Tao Dance Theater
Alice Tully Hall
New York, NY
July 27, 2012
by Leigh Witchel
copyright © 2012 by Leigh Witchel
Modern dance is still catching up with ballet in China, but Tao Ye doesn’t feel behind the times. He’s a minimalist and a formalist who played with concepts of pacing and construction that were provocative enough to make people leave. But was the audience provoked or just exhausted?
His company, now four years old, played for a short run as part of the Lincoln Center Festival. The two works performed were titled by numbers – the same as the amount of dancers in each.
Four women started with their backs to us in the first piece. They were masked in black and costumed in limp, slouchy tops and large skirts of coarse fabric, recalling Rei Kawakubo’s designs. The movement palette was fluid, consistent and restricted. The cast went through long, organic phrases, twisting, kicking, striding, reeling. The masked dancers and the dancing – so unvaried and in relentless unison, had echoes of the forces of conformity or oppression.
The music changed; the dancing didn’t. By five minutes in, you had seen everything they were going to do. It went on for about half an hour more. The lights slowly dimmed to signify the end, though the dancers didn’t stop. They might never have.
In the duo, Tao was joined by Duan Ni, both were credited with the choreography. Though Duan is female, both had their heads shorn like new recruits and were dressed in outfits of distressed gray, like apprentice ninjas down on their luck.
At first they laid face down for a long while, still and in silence. Bit by bit they started to move, and raised themselves piece by piece. They flopped about like marionettes with cut strings; it took a long while for them to move from floor work to their feet. Once they did, they did a slow-motion breakdance as if in freefall, caroming back to the floor and into headstands. The transition from floor work to standing up isn’t a transition – it just happens – neither works build. The arc of Tao’s dances isn’t an arc; they move in a flat line and all parts have equal value.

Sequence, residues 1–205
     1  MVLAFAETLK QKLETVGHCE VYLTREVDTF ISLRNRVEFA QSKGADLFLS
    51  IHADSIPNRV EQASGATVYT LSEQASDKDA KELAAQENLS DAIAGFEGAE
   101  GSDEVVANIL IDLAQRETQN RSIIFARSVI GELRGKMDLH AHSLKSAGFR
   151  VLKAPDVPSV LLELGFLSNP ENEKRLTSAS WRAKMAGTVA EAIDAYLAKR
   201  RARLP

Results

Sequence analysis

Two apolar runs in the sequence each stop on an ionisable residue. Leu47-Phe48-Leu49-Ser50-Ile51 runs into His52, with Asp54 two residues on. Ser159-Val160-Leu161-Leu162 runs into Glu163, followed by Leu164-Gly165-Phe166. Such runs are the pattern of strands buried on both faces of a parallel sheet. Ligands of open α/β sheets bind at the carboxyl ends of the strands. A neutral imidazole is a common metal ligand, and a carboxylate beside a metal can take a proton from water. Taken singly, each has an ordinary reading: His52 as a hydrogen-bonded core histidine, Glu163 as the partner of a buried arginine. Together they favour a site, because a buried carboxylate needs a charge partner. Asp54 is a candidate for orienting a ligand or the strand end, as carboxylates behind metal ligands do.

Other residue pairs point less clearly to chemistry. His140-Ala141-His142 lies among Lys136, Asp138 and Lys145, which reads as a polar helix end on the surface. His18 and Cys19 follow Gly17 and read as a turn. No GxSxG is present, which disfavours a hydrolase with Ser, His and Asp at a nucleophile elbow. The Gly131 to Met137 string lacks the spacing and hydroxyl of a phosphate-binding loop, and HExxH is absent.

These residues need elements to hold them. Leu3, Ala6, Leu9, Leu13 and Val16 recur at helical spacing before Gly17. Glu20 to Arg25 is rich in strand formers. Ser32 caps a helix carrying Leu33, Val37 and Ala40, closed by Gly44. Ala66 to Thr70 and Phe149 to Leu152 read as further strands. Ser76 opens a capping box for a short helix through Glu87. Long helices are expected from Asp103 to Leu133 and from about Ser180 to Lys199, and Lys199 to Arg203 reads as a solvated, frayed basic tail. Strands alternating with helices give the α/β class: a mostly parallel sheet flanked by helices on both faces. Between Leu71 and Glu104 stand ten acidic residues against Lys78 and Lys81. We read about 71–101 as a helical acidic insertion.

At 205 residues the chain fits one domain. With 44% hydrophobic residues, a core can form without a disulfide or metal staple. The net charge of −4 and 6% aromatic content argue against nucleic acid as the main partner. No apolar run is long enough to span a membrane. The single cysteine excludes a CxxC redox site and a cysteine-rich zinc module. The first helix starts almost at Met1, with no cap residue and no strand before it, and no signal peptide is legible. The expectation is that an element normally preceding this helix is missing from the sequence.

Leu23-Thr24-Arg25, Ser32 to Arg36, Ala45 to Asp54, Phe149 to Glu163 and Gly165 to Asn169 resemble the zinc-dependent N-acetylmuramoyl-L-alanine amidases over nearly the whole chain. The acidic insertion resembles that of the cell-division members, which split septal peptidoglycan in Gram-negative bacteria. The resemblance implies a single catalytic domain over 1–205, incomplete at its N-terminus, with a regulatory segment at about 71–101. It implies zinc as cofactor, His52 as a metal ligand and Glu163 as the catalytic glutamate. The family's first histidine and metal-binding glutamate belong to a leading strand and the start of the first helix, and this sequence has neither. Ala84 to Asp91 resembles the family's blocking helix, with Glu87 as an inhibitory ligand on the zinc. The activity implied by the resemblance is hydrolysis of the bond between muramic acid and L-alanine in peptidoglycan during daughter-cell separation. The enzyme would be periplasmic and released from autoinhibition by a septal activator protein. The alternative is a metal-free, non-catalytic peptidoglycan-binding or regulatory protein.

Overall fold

After the body of the dancing, the two of them lay motionless once again. They got up and retreated as the lights dimmed slowly to nothing, but the music continued. Several in the audience took the blackout as an escape route – the performance went over the scheduled time by nearly half an hour.
But that was not the finale. The two reentered and stood with their eyes closed for a time. It was the first time you could get a good look at both of them; he was tall and powerfully built; she was small and wiry. The still moment might have been a somnambulistic curtain call, but it was the close of the piece. They broke from their trance like two soldiers allowed to go at ease, and finally acknowledged the applause.
The synchrony and endurance of the works were impressive, especially for Duan, who was in both pieces and almost never left the stage. The infinitesimal variations in the choreography seemed like a feat just to have memorized.
Throw in several minutes of stasis and blackouts that are neither transitions or finishes and you have dances that could be provocative and demanding. But without any build or emphasis, it was also a tough evening with little payoff made tougher by Tao’s long-windedness. It could be that the cultural context was lost in the journey from Beijing to New York, but it also could be that he simply didn’t have the stagecraft to pull it off.
copyright © 2012 by Leigh Witchel
Photos by Stephanie Berger
Top: TAO Dance Theater in “4”
Bottom: Tao Ye, Duan Ni in “2”